In the Footsteps of Abraham
Except for the saints among us, we all boast. Sometimes, we boast about our own natural endowments, our good looks or our athletic prowess. Often, we boast about our achievements, social or professional.
There is one type of boasting that seems to be unique to the traditional Jewish community. That is boasting not about oneself, but rather about one’s teachers or rebbeim. Thus, you will find young people saying, “My rebbe is greater than yours!” Or, “I am a student of so-and-so, so you better respect me for that!”
For some of us, it sounds strange that a person would claim religious or intellectual superiority on the basis of the identity of his teacher. After all, the piety or wisdom of a teacher does not necessarily filter down to the disciple.
My paternal grandfather, Reb Chaim Yitzchak Weinreb, of blessed memory, was particularly perturbed about this phenomenon. He felt it was much more important to be able to claim that one was actually walking in the footsteps of the master, behaviorally emulating his virtues and accomplishments.
One of the proof texts which he adduced to help drive this lesson home was a passage in the fifth chapter of “Pirkei Avot,” which reads:
“A generous eye, a modest demeanor and a humble soul are the traits of the disciples of our father Abraham. An evil eye, an arrogant demeanor and an insatiable soul are attributes of the disciples of the wicked Balaam.”
My grandfather would expound upon the above text by saying: “Imagine that a person studied for years under some great Chassidic rebbe, dressed like him and imitated his every gesture. Or imagine the student who attended the lectures of some great yeshiva head and could actually repeat every word verbatim. But if that person or student was guilty of envy, of arrogance or of selfishness, he would be categorized by our Sages not as a disciple of the great rebbe or Talmudist, but as the disciple of the wicked Balaam.”
He would continue to drive home his point by stressing the flip side of the teaching: “On the other hand, imagine the person to whom circumstances denied the privilege of spending time with a great Chassidic rebbe or the chance to study under the tutelage of a Talmudic giant. But if that person was generous, modest and humble, he could lay claim to the title ‘disciple of our father Abraham.’”
Balaam is the main character in this week’s Torah portion. There is much to be gained from a careful study of Balaam’s behavior. One major lesson is that a person can be wise and famous, internationally renowned and endowed with mystical powers and the gift of prophecy, yet be done in by the flaws of his personal character.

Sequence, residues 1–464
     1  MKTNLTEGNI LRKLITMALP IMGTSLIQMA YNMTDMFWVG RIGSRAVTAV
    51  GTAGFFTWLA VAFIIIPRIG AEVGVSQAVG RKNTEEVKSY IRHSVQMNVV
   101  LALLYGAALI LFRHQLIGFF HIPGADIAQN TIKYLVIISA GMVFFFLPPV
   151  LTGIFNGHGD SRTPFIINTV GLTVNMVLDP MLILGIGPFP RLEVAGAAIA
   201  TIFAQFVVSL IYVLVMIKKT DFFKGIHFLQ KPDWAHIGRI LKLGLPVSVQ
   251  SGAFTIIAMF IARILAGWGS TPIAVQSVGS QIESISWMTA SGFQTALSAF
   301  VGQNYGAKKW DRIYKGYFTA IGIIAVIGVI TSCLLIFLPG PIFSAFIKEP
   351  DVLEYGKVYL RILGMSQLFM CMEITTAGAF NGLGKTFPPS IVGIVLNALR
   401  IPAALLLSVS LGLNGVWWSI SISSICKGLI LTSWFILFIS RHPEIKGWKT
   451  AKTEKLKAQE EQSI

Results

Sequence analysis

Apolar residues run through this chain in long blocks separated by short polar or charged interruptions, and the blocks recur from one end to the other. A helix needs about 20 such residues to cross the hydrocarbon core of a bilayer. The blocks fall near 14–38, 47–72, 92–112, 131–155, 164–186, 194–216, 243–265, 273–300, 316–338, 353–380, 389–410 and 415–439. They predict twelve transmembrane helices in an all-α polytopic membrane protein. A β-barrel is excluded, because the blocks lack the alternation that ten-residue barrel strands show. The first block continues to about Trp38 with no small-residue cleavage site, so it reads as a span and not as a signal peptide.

I no longer remember whether or not I asked my grandfather the question that occurred to me long ago about the passage in “Pirkei Avot.” I remain puzzled by why our Sages choose not to compare Balaam with his contemporary and adversary Moses. Why do they instead choose to contrast him with Abraham, who lived centuries before Balaam?
I have come to believe that our Sages had good reason for preferring the Balaam/Abraham comparison. I suggest that our rabbis were fascinated by the many similarities between the two. They were both prophets, but prophets whose missions were not confined to the Jewish people. Balaam was designated as a prophet for all the nations of the world and Abraham, although the biological father of the Jewish people, was also the av hamon goyim, the spiritual father of all of humanity.
Both Abraham and Balaam shared the unusual power of being able to bless others effectively. Of Abraham, it is written, “I will make your name great, and you shall be a blessing. I will bless those who bless you, and curse him that curses you; and all the families of the earth shall bless themselves by you.” And Balak, king of Moab, is sufficiently confident of Balaam’s abilities to say, “For I know that he whom you bless is blessed indeed, and he whom you curse is cursed.”
Furthermore, both Abraham and Balaam set off on long journeys, one to the binding of Isaac and the other to nefariously undermine the people of Israel. Both wake up in the early morning to load their donkeys in preparation of their journeys. And each of them is accompanied upon his journey by two young servants.
The message seems clear. Two individuals who are similar to each other in so many ways can ultimately be so different that one’s disciples “inherit the World to Come,” whereas the disciples of the other “inherit gehinnom and go down to the pit of destruction.”
One fails to properly use his divinely given blessings and, because of his “evil eye, arrogant demeanor and insatiable soul,” becomes the archetype of perversion and treachery.
The other cultivates “a generous eye, a modest demeanor and a humble soul” with such success that those of us who emulate him, even if we live millennia after his death, can lay claim to being his disciples.
The next time someone asks you, “Under whom did you study? Whose disciple are you,” I hope that you can say that you are at least striving to become a disciple of Abraham.
Rabbi Tzvi Hersh Weinreb is the executive vice president emeritus of the Orthodox Union.